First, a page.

L.A. Drives: The writer of the ‘Seinfeld’ ‘Soup Nazi’ episode loves cruising Malibu Canyon
Spike Feresten is one of the funniest TV writers alive, with comedy credits stretching from “SNL” to “Late Night With David Letterman” to “Seinfeld,” where his “Soup Nazi” episode became one of the landmark moments in that long-running series.
But he’s dead serious about his cars. Feresten is a Porsche man, and he loves driving the Malibu canyons.
Weekends often find him tooling up the coast from the Brentwood home he shares with his wife and children. He hits Pacific Coast Highway, drives to Malibu and meets up with friends at the Malibu Kitchen — run by an owner so comically strict that he is known to Feresten and his friends as the “Deli Nazi.”
On a perfect day, often in the company of his Porsche pal Jerry Seinfeld, Feresten makes a one-hour loop from PCH up to Mulholland Highway and back down.
The day we rode with him, Feresten drove his cherished 1968 Porsche 911L, a street-legal race car, on a route that curled up Encinal Canyon Road into the hills.
“I love this!” Feresten said as he wound the Porsche up and accelerated into a turn. “I don’t do anything to relax. So this is it. For at least two hours of my week, I’m on vacation.”
In a recent episode, he visited Keanu Reeves’ Arch Motorcycles factory to help a young woman figure out what bike to buy. In another, he took Sports Illustrated swimsuit model Genevieve Morton drifting at Willow Springs. In the final episode, which airs Oct. 26, he helps a pair of CrossFit competitors choose the perfect off-road camper vehicle.
Feresten owns a small dealership’s worth of cars, and many of them are made by Porsche, the brand he started with when he first began to be interested in classic cars.
That was due to influence by Letterman and Seinfeld, the former by telling him he was “a Porsche guy,” and the latter by deciding not to buy a classic Porsche, and then urging Feresten to buy it.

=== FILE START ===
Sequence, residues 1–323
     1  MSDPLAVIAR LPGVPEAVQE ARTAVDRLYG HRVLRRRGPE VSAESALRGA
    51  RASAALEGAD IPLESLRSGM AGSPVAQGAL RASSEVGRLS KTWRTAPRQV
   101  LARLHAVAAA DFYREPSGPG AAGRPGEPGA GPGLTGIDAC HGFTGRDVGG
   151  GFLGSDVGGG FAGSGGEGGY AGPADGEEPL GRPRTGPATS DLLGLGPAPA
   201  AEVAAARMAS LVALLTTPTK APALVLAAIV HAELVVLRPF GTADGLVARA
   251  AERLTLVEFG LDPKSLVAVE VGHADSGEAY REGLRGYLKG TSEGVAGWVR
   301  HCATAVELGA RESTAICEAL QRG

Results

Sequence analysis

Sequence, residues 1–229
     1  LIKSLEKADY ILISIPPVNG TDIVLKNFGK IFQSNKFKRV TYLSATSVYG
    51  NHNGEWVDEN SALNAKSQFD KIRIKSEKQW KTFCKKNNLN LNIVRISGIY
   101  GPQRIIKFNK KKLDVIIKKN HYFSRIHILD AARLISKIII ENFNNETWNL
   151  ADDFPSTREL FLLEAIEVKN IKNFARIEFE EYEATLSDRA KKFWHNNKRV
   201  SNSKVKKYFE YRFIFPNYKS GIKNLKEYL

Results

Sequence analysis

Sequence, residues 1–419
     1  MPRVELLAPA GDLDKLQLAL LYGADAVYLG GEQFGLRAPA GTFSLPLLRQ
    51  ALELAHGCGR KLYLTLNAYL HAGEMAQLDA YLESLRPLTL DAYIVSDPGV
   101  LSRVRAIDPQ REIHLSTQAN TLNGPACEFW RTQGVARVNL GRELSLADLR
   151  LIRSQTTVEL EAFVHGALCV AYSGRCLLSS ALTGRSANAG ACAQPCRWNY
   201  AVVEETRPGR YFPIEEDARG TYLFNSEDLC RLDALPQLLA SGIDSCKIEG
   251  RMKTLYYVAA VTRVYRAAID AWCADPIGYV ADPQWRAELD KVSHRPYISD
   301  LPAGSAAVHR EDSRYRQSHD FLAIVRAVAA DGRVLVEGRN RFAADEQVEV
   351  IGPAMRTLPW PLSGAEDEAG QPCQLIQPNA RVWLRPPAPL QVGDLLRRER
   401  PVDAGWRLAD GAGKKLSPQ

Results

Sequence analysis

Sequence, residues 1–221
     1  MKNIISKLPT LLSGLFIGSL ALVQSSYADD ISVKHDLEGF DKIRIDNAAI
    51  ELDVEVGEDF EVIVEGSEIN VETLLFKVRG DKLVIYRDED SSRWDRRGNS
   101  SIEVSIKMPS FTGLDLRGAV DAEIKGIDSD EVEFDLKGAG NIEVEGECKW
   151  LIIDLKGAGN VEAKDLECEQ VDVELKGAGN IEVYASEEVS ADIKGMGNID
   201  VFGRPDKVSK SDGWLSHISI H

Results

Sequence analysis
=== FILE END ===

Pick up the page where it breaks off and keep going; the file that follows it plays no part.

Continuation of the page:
It was a 1973 Porsche 911T, Feresten said, and the first of many German cars he would go on to own. In the garage today, alongside a few Porsches, are a ’79 Volkswagen Beetle that was once a German police car, and a vintage Land Rover.
The 1968 911L made a deliciously throaty sound as Feresten unspooled it on a straightaway, then pulled off the asphalt at a place he and Seinfeld have dubbed “Wizz Point.”
“It’s a bathroom break,” Feresten explained. “We’re older men. We’ve had a lot of coffee.”
By the side of the road, Feresten recounted some of the history of the former race car, like the weird upside down “8” on its hood and doors. (On race day, the owner couldn’t find proper numbers, so he got some mismatched zeroes at a crafts store and slapped them on the car. Feresten copied the “8” design from old photos he found after buying the car.)
But then it was back into the Porsche and onto the road, where we passed a series of “wine trolleys” ferrying tourists to nearby wineries, and a shirtless plein aire landscape painter daubing at his canvas by the side of the road.
We turned off Mulholland onto Kanan Dume Road and headed downhill, back toward the coast.
Feresten has the drive so memorized that he can accurately predict how many times your ears will pop coming down the mountain, and where, and around which corner the air will suddenly cool down with coastal fog, and behind which embankment the CHP will hide to catch speeders.
Feresten can talk cars all day. But he said his driving conversations with his companions tend toward the speculative, and the serious.
“Jerry and I are always crunching the larger questions of life, and how insignificant we are,” he said. “We actually talk about that kind of stuff a lot.”
But he discounts the generally held belief about the “midlife crisis,” that middle-aged men who buy sports cars are pretending to be 25 again or are hoping to cheat death.
“It isn’t that at all,” Feresten said. “It’s just that, you can see the end coming up quickly, and you decide to do what you really want to do. That’s not a crisis.”
Feresten and Seinfeld share the same opinion about car collecting and classic car ownership — that in fact the owner is just borrowing the car for a while.
“You are just the car’s caretaker,” Feresten said, echoing his former employer. “Eventually, you have to let someone else own and drive it.”
Feresten gunned the engine as we went through one of Kanan Dume’s short tunnels, thrilling to the sound of the vintage engine. Then, all too soon, we were back on PCH, and back at Malibu Kitchen.
The “Deli Nazi” had prepared a light lunch for Feresten and friends. Did the talk turn to television, and comedy?
No. It was still Saturday, and the talk was only about cars.